What? Fourteen years and no comments, not even from the haters? I love this guy's music and wish I had 1/50 the skills and playing ability. Oh well, keep pickin', Maestro.
By Ray Stern
By Ray Stern
By New Times
By Amy Silverman
By Stephen Lemons
By Stephen Lemons
By Monica Alonzo
By Chris Parker
The immensely popular Tempe-based flamenco guitarist usually spends about three months recording an album, but, for reasons that have more to do with marketing than art, he's given himself only a week to cut an ambitious double CD, called At Home With Esteban.
It's a Friday afternoon, day five of recording, but the days and hours have begun to blur at the Sound Lab, a state-of-the-art studio nestled behind an allergy lab in south Tempe. All week, Esteban has followed the same grueling schedule: get to the studio at 10 a.m., lay down tracks for 16 hours, go home at 2 a.m.
Recording should have been completed by now, but Esteban has decided to cut one final tune, a solo version of an old Russian folk song that, in English form, provided Mary Hopkin with the 1968 hit "Those Were the Days." Normally, he has sheet music to work from, but since this song is a late addition, he's having to rely on a skeletal chord chart -- and his own memory.
If one of his many devoted fans walked into the Sound Lab today, they probably wouldn't recognize him. Seeing him in street clothes is a bit like catching KISS' Gene Simmons without his platform boots and makeup.Onstage, Esteban is the personification of the dark, mysterious Latin lover. He dresses in all-black Zorro ensembles, with a bolero hat and impenetrable shades. Whenever he tilts his head down in deep concentration, it's easy to imagine that he's younger than his 52 years. His right hand sports long, acrylic fingernails that dance across his guitar strings with dramatic tremolo flourishes. In the minds of his fans, he's Rudolf Valentino and Antonio Banderas rolled into one, and wrapped in Ricardo Montalban's rich Corinthian leather.
But the guitarist sitting in the recording booth at the Sound Lab with his foot propped on two Yellow Pages books is not Esteban the stage persona. He's Stephen Paul, the blue-collar gringo kid from Pittsburgh with hippie affectations. He wears a gray tee shirt, navy blue shorts and white athletic socks, but no shoes. His long blond hair is bundled in a ponytail. He refers to everyone he meets as "bro." Periodically, he lifts his shades to look at his chart, squinting like an old man trying to decipher a road sign.
He makes a few practice passes at "Those Were the Days," then decides he's ready.
"I'll probably screw it up, but let's try it," he softly grumbles to house engineer B Gerdes.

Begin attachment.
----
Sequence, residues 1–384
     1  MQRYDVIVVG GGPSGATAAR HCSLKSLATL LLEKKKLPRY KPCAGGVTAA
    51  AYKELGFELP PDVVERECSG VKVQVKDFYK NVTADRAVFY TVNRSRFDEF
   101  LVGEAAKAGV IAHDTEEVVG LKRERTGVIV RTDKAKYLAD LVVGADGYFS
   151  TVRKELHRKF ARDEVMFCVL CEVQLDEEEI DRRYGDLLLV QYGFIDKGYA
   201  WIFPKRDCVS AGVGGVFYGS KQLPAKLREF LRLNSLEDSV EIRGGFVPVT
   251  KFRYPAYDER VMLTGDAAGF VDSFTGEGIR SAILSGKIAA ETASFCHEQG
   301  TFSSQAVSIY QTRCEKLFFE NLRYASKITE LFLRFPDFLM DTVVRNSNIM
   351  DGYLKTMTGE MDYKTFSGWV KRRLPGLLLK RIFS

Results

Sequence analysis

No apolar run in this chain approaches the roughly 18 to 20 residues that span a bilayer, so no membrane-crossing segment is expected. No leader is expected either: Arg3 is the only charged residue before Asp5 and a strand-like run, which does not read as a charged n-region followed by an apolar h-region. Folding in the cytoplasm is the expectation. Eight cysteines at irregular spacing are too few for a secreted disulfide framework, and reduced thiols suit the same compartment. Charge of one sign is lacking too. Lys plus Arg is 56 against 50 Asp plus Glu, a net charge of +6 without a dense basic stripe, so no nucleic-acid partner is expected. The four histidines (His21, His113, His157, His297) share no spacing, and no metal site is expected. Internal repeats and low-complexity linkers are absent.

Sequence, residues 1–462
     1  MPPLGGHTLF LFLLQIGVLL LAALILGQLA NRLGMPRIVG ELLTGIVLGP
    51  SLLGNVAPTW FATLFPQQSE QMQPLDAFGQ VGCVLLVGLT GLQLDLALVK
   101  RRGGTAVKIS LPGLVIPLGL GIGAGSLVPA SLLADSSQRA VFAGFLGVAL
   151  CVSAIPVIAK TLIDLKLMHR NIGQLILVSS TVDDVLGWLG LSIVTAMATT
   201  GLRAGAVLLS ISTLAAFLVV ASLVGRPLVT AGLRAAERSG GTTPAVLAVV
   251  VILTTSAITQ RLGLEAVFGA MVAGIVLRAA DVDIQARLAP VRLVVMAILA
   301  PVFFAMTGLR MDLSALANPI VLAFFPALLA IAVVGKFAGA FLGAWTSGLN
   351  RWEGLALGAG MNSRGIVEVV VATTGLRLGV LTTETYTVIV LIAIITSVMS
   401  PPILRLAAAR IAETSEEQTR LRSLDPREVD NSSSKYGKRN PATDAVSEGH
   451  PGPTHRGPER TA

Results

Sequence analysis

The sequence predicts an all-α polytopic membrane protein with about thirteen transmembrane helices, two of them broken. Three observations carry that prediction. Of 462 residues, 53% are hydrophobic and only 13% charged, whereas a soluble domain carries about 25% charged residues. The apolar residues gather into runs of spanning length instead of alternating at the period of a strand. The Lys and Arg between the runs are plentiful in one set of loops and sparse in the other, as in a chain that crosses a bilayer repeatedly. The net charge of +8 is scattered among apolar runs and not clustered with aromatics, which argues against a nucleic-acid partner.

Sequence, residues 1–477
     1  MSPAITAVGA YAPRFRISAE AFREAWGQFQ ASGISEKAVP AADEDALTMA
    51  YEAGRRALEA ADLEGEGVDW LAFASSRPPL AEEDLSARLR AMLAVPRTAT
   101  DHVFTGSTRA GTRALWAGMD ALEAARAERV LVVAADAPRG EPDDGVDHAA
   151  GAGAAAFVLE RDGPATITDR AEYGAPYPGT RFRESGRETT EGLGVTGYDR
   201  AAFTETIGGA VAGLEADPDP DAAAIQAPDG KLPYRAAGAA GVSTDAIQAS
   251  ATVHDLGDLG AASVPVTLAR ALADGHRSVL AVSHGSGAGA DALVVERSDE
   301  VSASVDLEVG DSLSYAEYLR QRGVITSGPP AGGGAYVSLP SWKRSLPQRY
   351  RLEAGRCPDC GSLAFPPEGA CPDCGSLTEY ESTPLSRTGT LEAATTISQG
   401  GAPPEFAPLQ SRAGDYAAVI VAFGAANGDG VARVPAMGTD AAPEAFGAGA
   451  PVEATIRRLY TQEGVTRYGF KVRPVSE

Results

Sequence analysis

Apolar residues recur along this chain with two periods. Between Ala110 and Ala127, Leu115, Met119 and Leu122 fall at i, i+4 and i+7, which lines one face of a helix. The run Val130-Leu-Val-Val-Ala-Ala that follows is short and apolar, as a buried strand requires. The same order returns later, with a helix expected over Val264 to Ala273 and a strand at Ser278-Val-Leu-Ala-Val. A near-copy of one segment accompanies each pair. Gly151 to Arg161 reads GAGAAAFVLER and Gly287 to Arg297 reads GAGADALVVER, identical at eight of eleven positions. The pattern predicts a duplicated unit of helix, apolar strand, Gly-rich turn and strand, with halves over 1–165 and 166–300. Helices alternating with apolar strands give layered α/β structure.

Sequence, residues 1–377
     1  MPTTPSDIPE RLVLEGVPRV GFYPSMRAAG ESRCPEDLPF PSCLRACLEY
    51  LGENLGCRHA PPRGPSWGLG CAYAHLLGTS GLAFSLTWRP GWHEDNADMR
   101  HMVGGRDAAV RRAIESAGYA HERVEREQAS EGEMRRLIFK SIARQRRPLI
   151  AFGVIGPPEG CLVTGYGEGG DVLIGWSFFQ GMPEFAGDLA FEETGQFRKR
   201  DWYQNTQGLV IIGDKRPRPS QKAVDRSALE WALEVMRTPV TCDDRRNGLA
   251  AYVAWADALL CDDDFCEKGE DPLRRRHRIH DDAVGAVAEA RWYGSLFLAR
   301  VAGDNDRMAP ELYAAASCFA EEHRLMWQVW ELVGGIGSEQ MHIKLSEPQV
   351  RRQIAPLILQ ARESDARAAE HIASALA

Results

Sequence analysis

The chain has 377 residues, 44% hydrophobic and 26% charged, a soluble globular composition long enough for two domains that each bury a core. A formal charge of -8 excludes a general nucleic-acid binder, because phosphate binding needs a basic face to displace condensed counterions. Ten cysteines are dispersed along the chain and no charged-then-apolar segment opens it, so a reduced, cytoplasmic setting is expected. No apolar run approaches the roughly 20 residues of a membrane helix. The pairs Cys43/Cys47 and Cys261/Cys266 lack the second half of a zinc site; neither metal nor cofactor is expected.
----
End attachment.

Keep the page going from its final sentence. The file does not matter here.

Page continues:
Sure enough, he struggles through seven or eight takes, botching a few performances by scraping his nails across the strings.
Finally, with a note of exasperation that's rare for this placid man, he blurts out, to no one in particular: "What am I doing?"
The answer is simple. Esteban is punishing himself with this breakneck schedule because, after nearly half a century of devoting himself to the guitar, his career is suddenly accelerating beyond his wildest dreams, and he doesn't dare slam on the brakes.
Last November, Esteban made his first national television appearance on QVC, pitching his musical wares alongside the Miracle Mop, the Marie Osmond fine porcelain doll collections and the gaudy pink pendants that are the lifeblood of the home-shopping industry. He wasn't the first musician to market his product on TV. People like Kenny Rogers and Lionel Richie had already experienced moderate success with it.
But Rogers and Richie were already established names. Esteban was a nobody, a star only to the devoted cult that repeatedly returned to the lobby bar of Scottsdale's Hyatt Regency, where he'd slowly built a worshipful following over the last decade.
To the astonishment of many in the home-shopping biz, Esteban was an immediate sensation at QVC, quickly selling more than 100,000 CDs. He's since moved on to the Home Shopping Network, and two months ago, after a rapturously received debut appearance on the network, he sold 56,000 CDs in one week, simultaneously placing two of his albums in the Top 54 of the Billboard 200 album chart.
Incredibly, a middle-aged instrumental artist with no record-label support, minimal radio airplay and negligible press interest had outsold Limp Bizkit and Celine Dion.
The Esteban phenomenon is also a business coup for his self-created local label, Daystar Productions. Only folk-punk troubadour Ani DiFranco, with her Righteous Babe imprint, can rival his success at moving product without relying on the muscle of the record industry.
But DiFranco built her following with the help of stacks of glowing reviews and positive buzz from her peers. When Esteban is not being ignored by other musicians, he's generally being ridiculed, accused of taking classical guitar techniques and dragging them through the mire of cheesy song selections ("Don't Cry for Me Argentina," "Happy Trails") and bland new-age arrangements.
"I'd put him in the category of a John Tesh: easy-listening music without harmonic or rhythmic complexity," says Eric Bart, a local jazz guitarist. "And something that's very, very heavily marketed."
Bart is one of several local musicians who cringe at the mention of Esteban's name, and they're all quick to emphasize that it's neither sour grapes nor their considerable dislike of his music that fuels their animosity. What really gets up their noses is the way Esteban has spent the last decade milking his murky 1970s association with the late, legendary classical-guitar master Andrés Segovia.